(2) Professional assessment of the data offered by the states.

(3) processes for evaluating compliance and implementation.

(4) Effectiveness evaluation

(5) Official conflict resolution.

  • Climate Change Framework Agreement of the United Nations the UNFCCC is the primary international agreement governing climate change actions. It plans yearly conferences, sets carbon reduction targets, and keeps track of how well each country is adhering to its commitments. The Paris pact, an international pact, establishes a framework for pursuing measures to keep global warming below 1.5 degrees Celsius and keeping it well below 2 degrees Celsius. A framework for trail and give an account for countries’ development is included in the agreement. The IPCC performs scientific evaluations of the effects of climate crisis and is a crucial source of information and guidance for policy.

The Kyoto Protocol established a compliance agency with the authority to apply sanctions and put states with legally mandated emission limitations under harsher regulation. The Paris Agreement also mandates regular progress reviews, a system for implementation and compliance, and a framework for increased transparency that is applied to all parties. 

We will not “solve” the climate crisis if we facilitate genocide against emerging countries, bring about catastrophe for present generations, or dramatically speed up the rate of mass extinction. The issue we face is poorly represented in public policy, and the accompanying remedies eventually degenerate into ones that are absolutely insufficient. Fundamentally, climate change is frequently presented as a moral conundrum. It raises fundamental concerns about our moral obligation to deal with a catastrophe that is primarily the result of human behavior. The need to avoid harm, uphold justice, and protect the rights of everyone, including future generations, is highlighted by ethical considerations.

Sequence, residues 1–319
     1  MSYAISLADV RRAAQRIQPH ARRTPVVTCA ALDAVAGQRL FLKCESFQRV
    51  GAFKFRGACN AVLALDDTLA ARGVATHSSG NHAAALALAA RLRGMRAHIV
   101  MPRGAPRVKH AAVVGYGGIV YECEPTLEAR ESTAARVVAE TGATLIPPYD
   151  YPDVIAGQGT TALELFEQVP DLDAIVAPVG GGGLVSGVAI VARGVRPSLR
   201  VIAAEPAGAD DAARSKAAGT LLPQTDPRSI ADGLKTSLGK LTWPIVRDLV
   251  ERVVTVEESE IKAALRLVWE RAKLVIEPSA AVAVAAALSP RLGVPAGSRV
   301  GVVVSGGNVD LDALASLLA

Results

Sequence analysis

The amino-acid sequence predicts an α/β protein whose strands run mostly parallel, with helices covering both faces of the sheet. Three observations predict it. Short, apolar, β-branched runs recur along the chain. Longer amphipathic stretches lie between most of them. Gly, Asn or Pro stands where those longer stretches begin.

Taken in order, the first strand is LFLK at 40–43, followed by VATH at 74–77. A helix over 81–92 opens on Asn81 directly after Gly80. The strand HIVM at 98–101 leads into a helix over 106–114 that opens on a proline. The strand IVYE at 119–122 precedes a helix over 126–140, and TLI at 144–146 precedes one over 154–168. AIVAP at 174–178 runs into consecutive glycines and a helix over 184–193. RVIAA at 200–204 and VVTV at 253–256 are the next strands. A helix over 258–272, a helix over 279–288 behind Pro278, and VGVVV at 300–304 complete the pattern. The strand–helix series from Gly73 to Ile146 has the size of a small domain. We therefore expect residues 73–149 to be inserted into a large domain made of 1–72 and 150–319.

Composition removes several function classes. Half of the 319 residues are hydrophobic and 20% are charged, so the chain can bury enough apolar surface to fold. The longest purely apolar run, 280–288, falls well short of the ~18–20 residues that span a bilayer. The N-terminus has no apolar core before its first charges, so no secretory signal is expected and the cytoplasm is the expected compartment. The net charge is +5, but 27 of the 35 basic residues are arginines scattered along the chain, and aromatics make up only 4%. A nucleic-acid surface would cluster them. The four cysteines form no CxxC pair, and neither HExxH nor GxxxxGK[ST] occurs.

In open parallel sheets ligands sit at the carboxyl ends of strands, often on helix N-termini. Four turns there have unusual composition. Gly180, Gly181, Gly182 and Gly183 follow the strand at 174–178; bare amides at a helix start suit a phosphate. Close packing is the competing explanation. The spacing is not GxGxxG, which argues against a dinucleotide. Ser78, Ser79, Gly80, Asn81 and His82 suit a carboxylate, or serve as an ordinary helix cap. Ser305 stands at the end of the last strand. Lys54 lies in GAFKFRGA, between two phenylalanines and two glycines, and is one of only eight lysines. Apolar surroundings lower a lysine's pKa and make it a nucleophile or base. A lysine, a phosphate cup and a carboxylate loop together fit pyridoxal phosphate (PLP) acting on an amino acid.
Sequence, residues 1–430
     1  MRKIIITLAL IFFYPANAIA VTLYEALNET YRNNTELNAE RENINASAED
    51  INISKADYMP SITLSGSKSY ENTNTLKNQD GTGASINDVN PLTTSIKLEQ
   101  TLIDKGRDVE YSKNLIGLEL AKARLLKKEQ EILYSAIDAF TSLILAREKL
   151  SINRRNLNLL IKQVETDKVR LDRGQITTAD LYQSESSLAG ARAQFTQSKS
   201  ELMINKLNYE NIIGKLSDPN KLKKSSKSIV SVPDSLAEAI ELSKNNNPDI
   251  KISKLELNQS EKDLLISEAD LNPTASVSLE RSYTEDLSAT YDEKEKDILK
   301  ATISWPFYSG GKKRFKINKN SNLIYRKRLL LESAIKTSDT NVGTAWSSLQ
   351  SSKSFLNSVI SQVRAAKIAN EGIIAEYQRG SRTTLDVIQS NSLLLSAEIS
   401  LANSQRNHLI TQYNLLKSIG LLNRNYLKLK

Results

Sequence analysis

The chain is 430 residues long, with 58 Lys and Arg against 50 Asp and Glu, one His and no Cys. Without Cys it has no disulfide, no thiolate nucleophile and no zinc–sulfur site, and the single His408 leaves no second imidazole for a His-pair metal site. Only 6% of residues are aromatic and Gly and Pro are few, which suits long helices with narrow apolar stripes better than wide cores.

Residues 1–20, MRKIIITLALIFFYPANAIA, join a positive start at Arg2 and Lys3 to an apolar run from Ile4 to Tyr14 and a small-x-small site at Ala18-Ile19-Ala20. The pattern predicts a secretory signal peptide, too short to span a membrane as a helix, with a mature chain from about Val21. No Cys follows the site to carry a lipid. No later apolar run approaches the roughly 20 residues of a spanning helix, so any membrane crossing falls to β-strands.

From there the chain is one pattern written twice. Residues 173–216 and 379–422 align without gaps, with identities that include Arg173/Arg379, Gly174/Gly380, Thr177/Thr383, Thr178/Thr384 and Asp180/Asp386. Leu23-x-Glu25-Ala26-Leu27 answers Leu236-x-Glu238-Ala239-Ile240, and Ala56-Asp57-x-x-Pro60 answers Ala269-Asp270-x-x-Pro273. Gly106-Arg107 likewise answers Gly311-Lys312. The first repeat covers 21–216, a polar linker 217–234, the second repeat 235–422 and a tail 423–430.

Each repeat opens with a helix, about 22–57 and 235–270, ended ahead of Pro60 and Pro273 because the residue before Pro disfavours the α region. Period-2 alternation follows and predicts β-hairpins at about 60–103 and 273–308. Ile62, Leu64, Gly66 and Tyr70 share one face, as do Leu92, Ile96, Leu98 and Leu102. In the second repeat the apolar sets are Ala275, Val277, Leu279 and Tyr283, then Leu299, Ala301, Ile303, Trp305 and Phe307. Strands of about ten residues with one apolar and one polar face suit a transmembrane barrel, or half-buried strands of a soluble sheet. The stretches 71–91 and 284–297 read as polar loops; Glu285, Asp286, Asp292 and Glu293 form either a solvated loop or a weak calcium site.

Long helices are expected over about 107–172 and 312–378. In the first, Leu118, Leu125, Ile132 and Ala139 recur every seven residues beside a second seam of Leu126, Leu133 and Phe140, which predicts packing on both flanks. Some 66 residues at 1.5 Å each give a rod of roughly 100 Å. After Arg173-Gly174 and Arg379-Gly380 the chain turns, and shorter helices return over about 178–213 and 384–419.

The concept of moral responsibility applies to individuals, businesses, and the entire global community in addition to nations and governments. We are not able to land on the consensus. Agriculture is being one of the most critical targets of climate change. If we talk about the emissions and equity, than developing and small island countries which contributed very less for emission are at suffering position. Common but differentiated responsibility (CBDR) kind of addresses this issue that, developed countries do have historic responsibility or burden upon them to address climate change. If we talk about the environmental perspective then, Environmental injustices are made worse by climate change, which is out of proportion to influence in danger people. The necessity to address these injustices and make sure that climate policies are fair and do not stigmatize vulnerable populations is highlighted by ethical perspectives. From an economic perspective, cost-benefit analyses are used to examine climate change. Based on their economic ramifications, policies and actions are assessed with an emphasis on minimizing costs and maximizing gains. Economists also view this as an opportunity for innovation and economic growth because if we move from renewable energy and sustainable energy then it would create more jobs and opportunity.